They create a technological system to detect invasive mosquitoes and disease carriers

Researchers from the Universitat Oberta de Catalunya (UOC) they have created a technology based on neural networks to identify disease-carrying mosquitoes, like the tiger mosquito. The team belongs to Scene Understanding and Artificial Intelligence Lab (SUnAI) of the Computer Science, Multimedia and Telecommunications Studies and the eHealth Center of the UOC.

In the study they worked with tiger mosquitoes, invasive in nature in Spain and which can be carriers of dengue or Zika. Gereziher Adhane and Mohammad Mahdi, co-lead authors of the research, they have explained to Efe that, at first, they proposed “analyze images that were captured outside of laboratory conditions”.

To do this, the researchers used images that had been uploaded to the platform Mosquito Alert. This space was launched in 2014 with the aim of monitoring and controlling disease-carrying mosquitoes.

According to Adhane and Mahdi, thanks to the Mosquito Alert photographs, they were able to identify different types of mosquitoes. This task was, according to them, “important and critical”, Since insects that are disease carriers “pose a significant concern”.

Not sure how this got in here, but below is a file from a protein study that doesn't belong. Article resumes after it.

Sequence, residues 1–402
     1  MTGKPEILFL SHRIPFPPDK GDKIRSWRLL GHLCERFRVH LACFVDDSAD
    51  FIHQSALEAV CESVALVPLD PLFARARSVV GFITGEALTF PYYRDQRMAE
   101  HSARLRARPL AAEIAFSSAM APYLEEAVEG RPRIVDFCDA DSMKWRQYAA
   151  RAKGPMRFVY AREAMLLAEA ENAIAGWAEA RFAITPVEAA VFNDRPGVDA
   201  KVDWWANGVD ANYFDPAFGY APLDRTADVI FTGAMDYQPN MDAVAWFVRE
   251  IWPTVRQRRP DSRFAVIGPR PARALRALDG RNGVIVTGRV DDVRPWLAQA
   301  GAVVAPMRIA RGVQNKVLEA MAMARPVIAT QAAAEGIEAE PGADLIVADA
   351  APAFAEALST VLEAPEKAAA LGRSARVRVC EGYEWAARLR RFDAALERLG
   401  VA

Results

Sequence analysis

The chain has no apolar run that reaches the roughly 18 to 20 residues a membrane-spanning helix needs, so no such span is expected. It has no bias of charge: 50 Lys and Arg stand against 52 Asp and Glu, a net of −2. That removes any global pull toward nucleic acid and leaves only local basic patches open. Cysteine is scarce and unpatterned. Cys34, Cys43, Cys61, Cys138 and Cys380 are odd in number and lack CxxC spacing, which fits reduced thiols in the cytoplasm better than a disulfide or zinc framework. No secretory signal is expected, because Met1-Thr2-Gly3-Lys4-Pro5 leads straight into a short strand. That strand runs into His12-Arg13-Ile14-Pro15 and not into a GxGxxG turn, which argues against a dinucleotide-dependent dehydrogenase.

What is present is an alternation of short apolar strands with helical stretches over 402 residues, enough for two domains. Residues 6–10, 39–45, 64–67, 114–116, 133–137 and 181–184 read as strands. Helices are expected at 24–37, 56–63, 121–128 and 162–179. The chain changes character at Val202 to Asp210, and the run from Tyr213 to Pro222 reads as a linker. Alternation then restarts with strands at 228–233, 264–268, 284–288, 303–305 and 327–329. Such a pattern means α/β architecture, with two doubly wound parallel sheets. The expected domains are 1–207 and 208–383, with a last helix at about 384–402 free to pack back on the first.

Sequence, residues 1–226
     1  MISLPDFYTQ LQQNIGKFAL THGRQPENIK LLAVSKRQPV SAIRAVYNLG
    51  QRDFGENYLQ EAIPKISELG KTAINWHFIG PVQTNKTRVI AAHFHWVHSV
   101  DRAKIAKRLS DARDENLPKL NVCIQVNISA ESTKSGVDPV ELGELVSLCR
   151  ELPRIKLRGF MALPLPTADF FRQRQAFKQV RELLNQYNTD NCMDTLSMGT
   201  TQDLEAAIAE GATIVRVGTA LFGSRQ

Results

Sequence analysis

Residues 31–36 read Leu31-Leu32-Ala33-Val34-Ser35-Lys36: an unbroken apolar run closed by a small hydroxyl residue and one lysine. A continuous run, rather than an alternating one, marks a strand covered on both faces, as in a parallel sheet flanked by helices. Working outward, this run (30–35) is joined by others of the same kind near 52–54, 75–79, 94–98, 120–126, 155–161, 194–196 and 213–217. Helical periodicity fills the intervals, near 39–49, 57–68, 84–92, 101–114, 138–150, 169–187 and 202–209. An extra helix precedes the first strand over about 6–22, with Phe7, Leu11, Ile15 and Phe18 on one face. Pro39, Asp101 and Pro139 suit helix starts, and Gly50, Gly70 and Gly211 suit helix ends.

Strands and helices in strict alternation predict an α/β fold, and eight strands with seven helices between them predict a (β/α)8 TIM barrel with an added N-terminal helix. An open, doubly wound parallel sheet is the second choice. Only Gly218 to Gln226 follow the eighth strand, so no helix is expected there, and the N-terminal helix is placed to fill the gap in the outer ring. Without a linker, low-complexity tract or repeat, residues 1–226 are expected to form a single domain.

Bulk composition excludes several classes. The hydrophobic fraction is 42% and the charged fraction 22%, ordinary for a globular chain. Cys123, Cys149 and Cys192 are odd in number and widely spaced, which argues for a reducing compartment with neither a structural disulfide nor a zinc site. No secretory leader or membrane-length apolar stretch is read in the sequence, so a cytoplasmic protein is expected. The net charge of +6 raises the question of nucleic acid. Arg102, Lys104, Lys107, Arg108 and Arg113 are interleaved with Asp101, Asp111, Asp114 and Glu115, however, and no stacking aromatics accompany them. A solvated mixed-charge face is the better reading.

The researchers claim that manual identification “expensive, time consuming, and nearly impossible under conditions other than laboratory conditions”. For this reason, the technology proposed by his study represents an important advance.

One of the best results of this identification system has been carried out with the tiger mosquito. This species is spreading more and more in Spain, which is worrying, since it can carry diseases such as dengue or Zika. With regard to the tiger mosquito, Adhane and Mahdi claim to have achieved “90% sorting accuracy”.

In addition to this insect, the researchers explain that with their automated approaches they could identify other species and monitor their large-scale expansion “in a short period of time”.

60 seniors from Spain and Portugal will test the 'app' next September.

What will they do with this technology?

Adhane and Mahdi have not yet applied their system, however, they have their proposals:Using this strategy, a mobile application capable of recognizing mosquito species could be developed.”. With this measure, the researchers mention that any user could upload a photo of a mosquito to the app and obtain information about the species.

With that possible platform, the expansion of said mosquito could be tracked and possible outbreaks of diseases that it may be a carrier.

As already mentioned, this identification technology works with deep neural networks. They go through a learning process: “This feedback is used to reduce the difference between actual values ​​and those that have been predicted.”.

This system proposed by Adhane and Mahdi could be used by any individual who had the app installed on their mobile device. In this way, the presence of certain mosquitoes could be reported to curb their invasive nature in early stages and monitor outbreaks of some diseases.

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